Bringing the cost of construction down will require a regulatory re-think, fewer bespoke homes and a look at product competition.
We often hear the glib lines that our industry is unproductive, and that it is expensive to build in New Zealand. There may be an element of truth to both of these statements, but when you scratch below the surface some very obvious causes come to the fore.
A recent study by BRANZ, titled The impact of regulation on housing affordability, is an enlightening document that factually sets out what most of us have instinctively known for many years. That is, that excessive regulation can be a major driver to productivity loss and increased cost.
Cost of providing housing is soaring
This is possibly the first time that the effects of regulation and its implementation have been put under the spotlight, and the results should be heeded and used as a basis for further study and much-needed change.
The cost of providing housing is soaring. In the past 15 years the cost of delivering a standardised new house has risen 110%, compared with the overall cost of living rising only of 44%. Much of this extra cost is to do with the compounding effects of layers of regulation.
We also appear to have a materials manufacturing and supply chain tilted towards protecting the status quo over innovation, and that also seems very adept at closing ranks to stop competition from gaining a foothold.
These may well be bold statements but I strongly recommend you read the BRANZ study, and see the massive dollar impact regulation has on the average home for yourself.
It’s frightening to see the cost to the consumer over the lifetime of their mortgage. Find the report at www.buildingtoday.co.nz/NewsItem.aspx?id=516
Layer upon layer of compounding regulatory change has now reached a tipping point, such that the system is becoming moribund with process and risk-averse behaviour. Many local authorities are literally strangling progress on projects with excessive Requests For Information, inspections, re-inspections and regimented administration processes.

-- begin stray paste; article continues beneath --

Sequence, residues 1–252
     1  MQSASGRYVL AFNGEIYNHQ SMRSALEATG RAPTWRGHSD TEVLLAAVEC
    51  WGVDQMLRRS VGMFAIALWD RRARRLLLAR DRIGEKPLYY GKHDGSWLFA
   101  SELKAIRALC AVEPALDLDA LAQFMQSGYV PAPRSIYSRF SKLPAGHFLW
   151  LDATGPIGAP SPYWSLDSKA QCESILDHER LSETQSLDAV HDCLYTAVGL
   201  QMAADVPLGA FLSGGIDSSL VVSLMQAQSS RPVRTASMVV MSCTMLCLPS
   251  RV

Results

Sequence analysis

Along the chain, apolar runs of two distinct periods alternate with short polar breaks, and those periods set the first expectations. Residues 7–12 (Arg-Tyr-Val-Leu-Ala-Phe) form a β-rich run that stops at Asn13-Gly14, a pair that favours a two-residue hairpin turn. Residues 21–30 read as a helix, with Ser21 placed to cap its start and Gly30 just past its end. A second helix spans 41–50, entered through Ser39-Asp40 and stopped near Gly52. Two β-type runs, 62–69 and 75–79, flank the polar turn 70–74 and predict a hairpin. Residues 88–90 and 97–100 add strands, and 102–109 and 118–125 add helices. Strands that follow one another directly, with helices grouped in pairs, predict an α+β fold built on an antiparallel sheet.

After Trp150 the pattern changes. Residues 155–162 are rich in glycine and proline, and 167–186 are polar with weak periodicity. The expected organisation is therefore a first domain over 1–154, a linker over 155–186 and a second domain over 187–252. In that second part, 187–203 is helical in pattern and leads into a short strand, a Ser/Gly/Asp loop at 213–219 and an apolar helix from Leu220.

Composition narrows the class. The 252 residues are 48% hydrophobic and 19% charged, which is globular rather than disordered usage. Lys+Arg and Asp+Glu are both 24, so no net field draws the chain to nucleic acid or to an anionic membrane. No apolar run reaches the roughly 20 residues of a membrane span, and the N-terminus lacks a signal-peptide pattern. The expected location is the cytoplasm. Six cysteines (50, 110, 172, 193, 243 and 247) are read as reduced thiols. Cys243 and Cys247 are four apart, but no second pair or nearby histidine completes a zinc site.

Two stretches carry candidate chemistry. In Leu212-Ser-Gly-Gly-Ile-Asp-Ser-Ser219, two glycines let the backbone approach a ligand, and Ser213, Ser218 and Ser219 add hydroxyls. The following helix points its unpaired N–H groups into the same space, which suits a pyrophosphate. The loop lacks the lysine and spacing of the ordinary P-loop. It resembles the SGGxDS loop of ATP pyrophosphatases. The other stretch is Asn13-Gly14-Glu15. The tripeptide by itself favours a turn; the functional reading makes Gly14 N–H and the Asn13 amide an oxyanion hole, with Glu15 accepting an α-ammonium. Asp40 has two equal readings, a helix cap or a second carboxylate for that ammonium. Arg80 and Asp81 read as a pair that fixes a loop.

This behaviour will, unfortunately, never change until the law makers address the rules that make the last man standing responsible for every building fault, regardless of whether they caused them or not.
As it stands, the system is near on broken, and needs an urgent and pragmatic overhaul from top to bottom.
The regulators should start with a clear objective of what New Zealand actually needs to produce the buildings and homes it needs, and design a consultative system that is efficient and cost-effective, and addresses the joint and several liability rules that have hobbled the current system.
I would hazard a guess that none of the current regulations, including the latest misguided falling from heights programme, have ever been subject to a robust and accurate cost-benefit analysis. No doubt the regulations are all well-intentioned, but do they actually deliver and work effectively?And, above all, are they collectively affordable?
There are some big questions to be answered, and I don’t think the answers are currently available. In the words of the late Sir Peter Blake, “if it doesn’t make the boat go faster, don’t do it”. And this is the attitude we should adopt when considering new regulation and changes to the code.
It is all very well politicians saying that housing is unaffordable and the industry is unproductive, but the controlling drivers and regulation need to be addressed if they want a productive industry and resulting affordable housing.
My challenge is for them to stop talking about it and make a difference, grab the nettle, be bold and start again, based on the right fundamentals.
The industry can also play its part by fixing some long entrenched behaviour, which also has an effect on productivity and costs.